HONOLULU (KHON2) — In the last 72 hours, there have been several shark sightings statewide, most very close to shore.

Even shark tour companies that see the majority of Galapagos sharks on a daily basis have been reporting more tiger sharks stopping by.

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“We’ve recently seen three different individual tiger sharks in the last week,” said Danny Lomas who works with Hawaii Adventure Diving on Oahu’s North Shore. “So, there definitely seems to be higher numbers now, higher amounts of curiosity.”

He said that could be seen as a good thing, meaning a healthy marine ecosystem.

According to the Department of Land and Natural Resources website, there have been four shark incidents in 2023, one happening in early April at Kewalos, where surfer Mike Morita was bitten and lost his leg after the incident.

According to the state website, since 1980, the majority of shark incidents have occurred in October (approximately 35) and November (roughly 20), with 15 incidents being reported in December, and 15 in the month of April.

“We still know so little about the biology of tiger sharks but it does seem October and November is when mating occurs,” explained Dr. Kim Holland, shark researcher with the Hawaii Institute of Marine Biology.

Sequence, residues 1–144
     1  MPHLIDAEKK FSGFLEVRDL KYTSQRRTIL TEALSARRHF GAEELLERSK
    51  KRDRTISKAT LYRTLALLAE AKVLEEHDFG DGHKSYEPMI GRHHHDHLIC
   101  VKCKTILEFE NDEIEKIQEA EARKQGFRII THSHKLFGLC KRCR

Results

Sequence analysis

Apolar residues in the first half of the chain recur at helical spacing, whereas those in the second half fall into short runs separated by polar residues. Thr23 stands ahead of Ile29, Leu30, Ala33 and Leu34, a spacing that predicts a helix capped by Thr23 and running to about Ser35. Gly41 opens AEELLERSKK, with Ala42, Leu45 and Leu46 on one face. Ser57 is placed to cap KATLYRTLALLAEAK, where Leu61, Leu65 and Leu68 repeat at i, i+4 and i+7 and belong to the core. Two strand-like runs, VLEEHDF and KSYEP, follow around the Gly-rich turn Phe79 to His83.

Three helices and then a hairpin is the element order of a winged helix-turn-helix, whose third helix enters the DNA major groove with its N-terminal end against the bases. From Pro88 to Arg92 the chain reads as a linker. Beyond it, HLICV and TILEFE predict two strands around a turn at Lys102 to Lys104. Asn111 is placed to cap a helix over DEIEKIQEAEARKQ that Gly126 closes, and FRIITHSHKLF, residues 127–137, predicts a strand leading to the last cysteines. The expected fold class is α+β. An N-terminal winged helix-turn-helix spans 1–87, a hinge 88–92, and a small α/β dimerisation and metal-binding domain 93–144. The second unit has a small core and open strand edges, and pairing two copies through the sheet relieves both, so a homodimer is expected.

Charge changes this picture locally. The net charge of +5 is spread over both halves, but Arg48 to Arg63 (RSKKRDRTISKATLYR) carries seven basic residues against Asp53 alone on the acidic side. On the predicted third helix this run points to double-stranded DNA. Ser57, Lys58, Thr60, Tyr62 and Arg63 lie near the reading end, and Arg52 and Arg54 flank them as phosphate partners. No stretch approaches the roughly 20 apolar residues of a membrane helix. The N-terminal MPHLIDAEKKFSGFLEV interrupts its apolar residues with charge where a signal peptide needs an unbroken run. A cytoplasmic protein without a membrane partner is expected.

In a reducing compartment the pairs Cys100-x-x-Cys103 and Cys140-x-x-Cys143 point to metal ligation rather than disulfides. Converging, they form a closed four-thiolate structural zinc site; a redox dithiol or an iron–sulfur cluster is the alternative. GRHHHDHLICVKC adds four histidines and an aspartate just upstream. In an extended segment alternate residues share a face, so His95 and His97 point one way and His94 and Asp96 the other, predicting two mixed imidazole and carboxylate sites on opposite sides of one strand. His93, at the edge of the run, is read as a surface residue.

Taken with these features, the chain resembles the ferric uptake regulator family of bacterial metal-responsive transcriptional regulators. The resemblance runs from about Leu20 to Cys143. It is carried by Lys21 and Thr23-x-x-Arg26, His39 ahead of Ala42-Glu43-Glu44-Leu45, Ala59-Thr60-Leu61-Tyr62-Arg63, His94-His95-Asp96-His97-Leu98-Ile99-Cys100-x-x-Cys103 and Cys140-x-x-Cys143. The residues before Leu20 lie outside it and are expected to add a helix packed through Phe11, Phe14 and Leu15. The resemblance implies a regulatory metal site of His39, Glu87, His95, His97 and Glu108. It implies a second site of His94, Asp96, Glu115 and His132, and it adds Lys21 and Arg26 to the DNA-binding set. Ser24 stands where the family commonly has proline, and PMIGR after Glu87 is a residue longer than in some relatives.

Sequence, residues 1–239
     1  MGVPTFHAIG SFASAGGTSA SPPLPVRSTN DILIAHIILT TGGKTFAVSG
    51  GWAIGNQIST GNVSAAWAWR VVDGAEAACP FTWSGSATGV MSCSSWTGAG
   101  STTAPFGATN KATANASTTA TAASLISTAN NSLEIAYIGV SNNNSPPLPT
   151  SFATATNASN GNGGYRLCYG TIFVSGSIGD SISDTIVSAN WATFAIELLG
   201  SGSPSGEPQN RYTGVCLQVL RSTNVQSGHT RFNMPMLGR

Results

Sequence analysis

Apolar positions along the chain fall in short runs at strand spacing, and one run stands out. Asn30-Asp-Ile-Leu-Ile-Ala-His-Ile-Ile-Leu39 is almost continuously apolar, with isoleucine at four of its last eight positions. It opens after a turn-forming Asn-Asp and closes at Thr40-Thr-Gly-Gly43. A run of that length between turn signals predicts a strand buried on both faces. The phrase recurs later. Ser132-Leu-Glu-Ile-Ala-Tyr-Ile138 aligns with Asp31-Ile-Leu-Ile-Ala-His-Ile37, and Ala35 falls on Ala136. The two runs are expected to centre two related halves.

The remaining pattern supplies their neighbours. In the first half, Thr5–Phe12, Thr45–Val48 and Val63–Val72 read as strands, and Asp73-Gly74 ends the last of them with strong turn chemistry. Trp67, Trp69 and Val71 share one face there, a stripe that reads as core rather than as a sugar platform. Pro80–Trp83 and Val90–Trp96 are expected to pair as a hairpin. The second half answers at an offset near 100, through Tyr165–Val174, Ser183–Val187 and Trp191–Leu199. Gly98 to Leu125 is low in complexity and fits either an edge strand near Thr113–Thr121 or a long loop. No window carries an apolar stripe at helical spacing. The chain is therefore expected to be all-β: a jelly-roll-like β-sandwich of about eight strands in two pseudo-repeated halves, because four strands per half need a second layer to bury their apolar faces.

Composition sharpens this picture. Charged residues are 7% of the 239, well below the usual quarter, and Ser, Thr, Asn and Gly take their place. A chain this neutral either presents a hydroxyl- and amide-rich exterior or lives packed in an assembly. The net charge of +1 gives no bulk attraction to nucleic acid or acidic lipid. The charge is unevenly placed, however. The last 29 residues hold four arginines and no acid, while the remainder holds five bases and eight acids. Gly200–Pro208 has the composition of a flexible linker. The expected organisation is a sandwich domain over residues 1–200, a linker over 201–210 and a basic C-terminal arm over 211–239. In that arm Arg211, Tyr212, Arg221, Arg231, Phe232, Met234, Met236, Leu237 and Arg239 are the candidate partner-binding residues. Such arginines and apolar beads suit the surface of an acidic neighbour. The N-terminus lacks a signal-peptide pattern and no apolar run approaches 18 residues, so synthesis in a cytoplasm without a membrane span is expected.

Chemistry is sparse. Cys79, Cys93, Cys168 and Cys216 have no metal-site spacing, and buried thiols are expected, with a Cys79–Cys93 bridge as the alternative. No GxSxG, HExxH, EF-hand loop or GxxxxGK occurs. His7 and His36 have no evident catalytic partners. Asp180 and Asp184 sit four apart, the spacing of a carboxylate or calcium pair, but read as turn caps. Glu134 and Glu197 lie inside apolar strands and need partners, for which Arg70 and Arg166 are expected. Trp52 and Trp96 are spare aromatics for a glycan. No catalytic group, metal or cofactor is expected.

Although it may seem like there have been more sightings, experts said there’s no way of knowing if it’s due to more people filming sharks closer to shore, or if there are more sharks in the water.

“One thing we do know is when shark incidents occur, we tend to have more reports of sharks,” Holland said.

If you do encounter a shark in the water experts said get out calmly if you can, and always have a partner in the water with you; if you can’t get out of the water, keep your eye on the shark.

“Most of these attacks, the person isn’t completely consumed,” explained Dr. Holland. “It’s one bite and if that bite is in the wrong place you can go into shock or bleed to death, if you have people around to help that makes a huge difference.”

“There’s some education, and this is anecdotal, but if the animal is aware you’ve spotted it, they tend not to follow through on an attack,” said Dr. Holland.

Experts said its unlikely warm water temperatures are having an impact since temperatures are still at cooler winter levels, but they said sharks swim at water depths that are comfortable for their body temperature.

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“There’s a natural thermocline in the water, as you go down, it gets colder, and then it drastically changes to really cold water, they’ll sit at that line, and kind of use that to moderate their body temperature,” explained Lomas. “So, if that line is pushed up, then the sharks are going to be higher in the water column and more comfortable coming closer to shore where the temperatures are a little bit higher.”